The horror! The horror!

Origin of The horror! The horror!

This phrase is found in Joseph Conrad’s “Heart of Darkness.” This is the final judgment of Kurtz on his own life, actions, and generally on humankind and imperialism, when in part three of the story he says, “The horror! The horror!” Through this line, Kurtz also points out his fate, which looks profoundly affected by the events he faces during his escapade to the Congo.

Meaning of The horror! The horror!

Many critics have raised questions about the interpretation of this phrase. Generally, it implies the horror Kurtz witnesses in Africa, though the horror could be the exploitation of Africa, evil practices of humans, his crumbling sanity, or an illusion of understanding and hope. Simply, it conveys what the West did during colonization in the name of progress, and under the guise of civilizing the natives. Darkness prevails when he dies, symbolizing that his actions were evil. Thus, it is Kurtz’s realization of the bitter and absolute truth of his life.

Usage of The horror! The horror!

The use of this phrase is not common in everyday life. However, you may find it in literary texts and movies. You would notice, wherever this line appears, it conveys the meanings of threat, evil deeds, fear of evil actions, or pointing out an alarming situation, such as if someone or something catches fire, foreign invaders come, or a war breaks out.

Literary Source of The horror! The horror!

Kurtz speaks this line as his final words in Conrad’s novella “Heart of Darkness.” Marlowe describes how he utters the final words:

“Anything approaching the change that came over his features I have never seen before, and hope never to see again. He cried in a whisper at some image, at some vision—he cried out twice, a cry that was no more than a breath: “‘The horror! The horror!”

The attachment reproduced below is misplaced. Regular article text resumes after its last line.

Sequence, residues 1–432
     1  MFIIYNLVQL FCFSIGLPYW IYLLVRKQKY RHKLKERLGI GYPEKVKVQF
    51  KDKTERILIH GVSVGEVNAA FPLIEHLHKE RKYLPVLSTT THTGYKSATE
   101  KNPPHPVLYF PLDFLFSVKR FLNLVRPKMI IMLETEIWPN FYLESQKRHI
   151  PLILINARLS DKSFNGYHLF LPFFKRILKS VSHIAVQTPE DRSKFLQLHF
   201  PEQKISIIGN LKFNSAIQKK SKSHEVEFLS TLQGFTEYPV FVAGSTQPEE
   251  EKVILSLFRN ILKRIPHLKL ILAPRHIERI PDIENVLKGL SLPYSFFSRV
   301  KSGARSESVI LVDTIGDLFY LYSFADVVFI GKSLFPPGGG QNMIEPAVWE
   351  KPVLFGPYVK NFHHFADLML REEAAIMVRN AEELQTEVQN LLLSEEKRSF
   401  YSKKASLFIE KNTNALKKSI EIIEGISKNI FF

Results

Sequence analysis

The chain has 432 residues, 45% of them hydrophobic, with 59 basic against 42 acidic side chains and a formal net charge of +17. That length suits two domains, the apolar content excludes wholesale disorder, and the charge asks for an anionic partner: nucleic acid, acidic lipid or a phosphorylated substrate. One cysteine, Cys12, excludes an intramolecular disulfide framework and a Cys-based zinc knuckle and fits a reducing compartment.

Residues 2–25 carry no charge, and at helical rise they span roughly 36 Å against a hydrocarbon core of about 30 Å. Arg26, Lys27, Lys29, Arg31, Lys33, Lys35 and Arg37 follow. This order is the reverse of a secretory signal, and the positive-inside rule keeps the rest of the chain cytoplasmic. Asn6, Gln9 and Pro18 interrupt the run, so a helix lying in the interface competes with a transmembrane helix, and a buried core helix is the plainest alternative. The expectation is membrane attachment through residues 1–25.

(Part III, Page 12)

During his time spent in Africa, Kurtz becomes corrupt and writes the words “Exterminate all the brutes!” Here he refers to his own and his comrade’s brutality in Africa, which was carried out in the name of progress and civilization. He induced native Africans to worship and adore him, and set up rituals worthy of a brute or a tyrant. Therefore, by the end Kurtz reflects on his life, which is basically flashing before his eyes in the last moment, allowing readers to think about the meanings of “the horror.”

Literary Analysis of The horror! The horror!

The narrative comes to an end when we find Marlowe and Kurtz moving back to England, meaning they are returning to “civilization” from Africa. Kurtz is not stable mentally or physically, slowly succumbing to death on his boat. When he realizes he is near death, he utters this phrase, which carries deep meaning, as his last words. In fact, he refers to all things witnessed and done throughout his stay in the Congo.

It tells us the experiences, and brutality of Europeans, which Marlowe has seen through his eyes. It also sums up the experiences and deep-rooted evils in the hearts of civilized people. Their hostility makes them blind to their surroundings. In addition, the ultimate downfall of Kurtz was due to his own evil actions during his years spent in the Congo for the European Company.

Literary Devices

  • Symbolism: Phrase symbolizes the frightening reaction and fearful utterance after witnessing evil acts.

1 comment for “The horror! The horror!

  1. David Upham
    January 31, 2016 at 10:41 pm

    Re-enter Macduff:
    O Horror, horror, horror ! Tongue nor heart cannot conceive nor name thee
    (Macbeth, Act II, Scene III)

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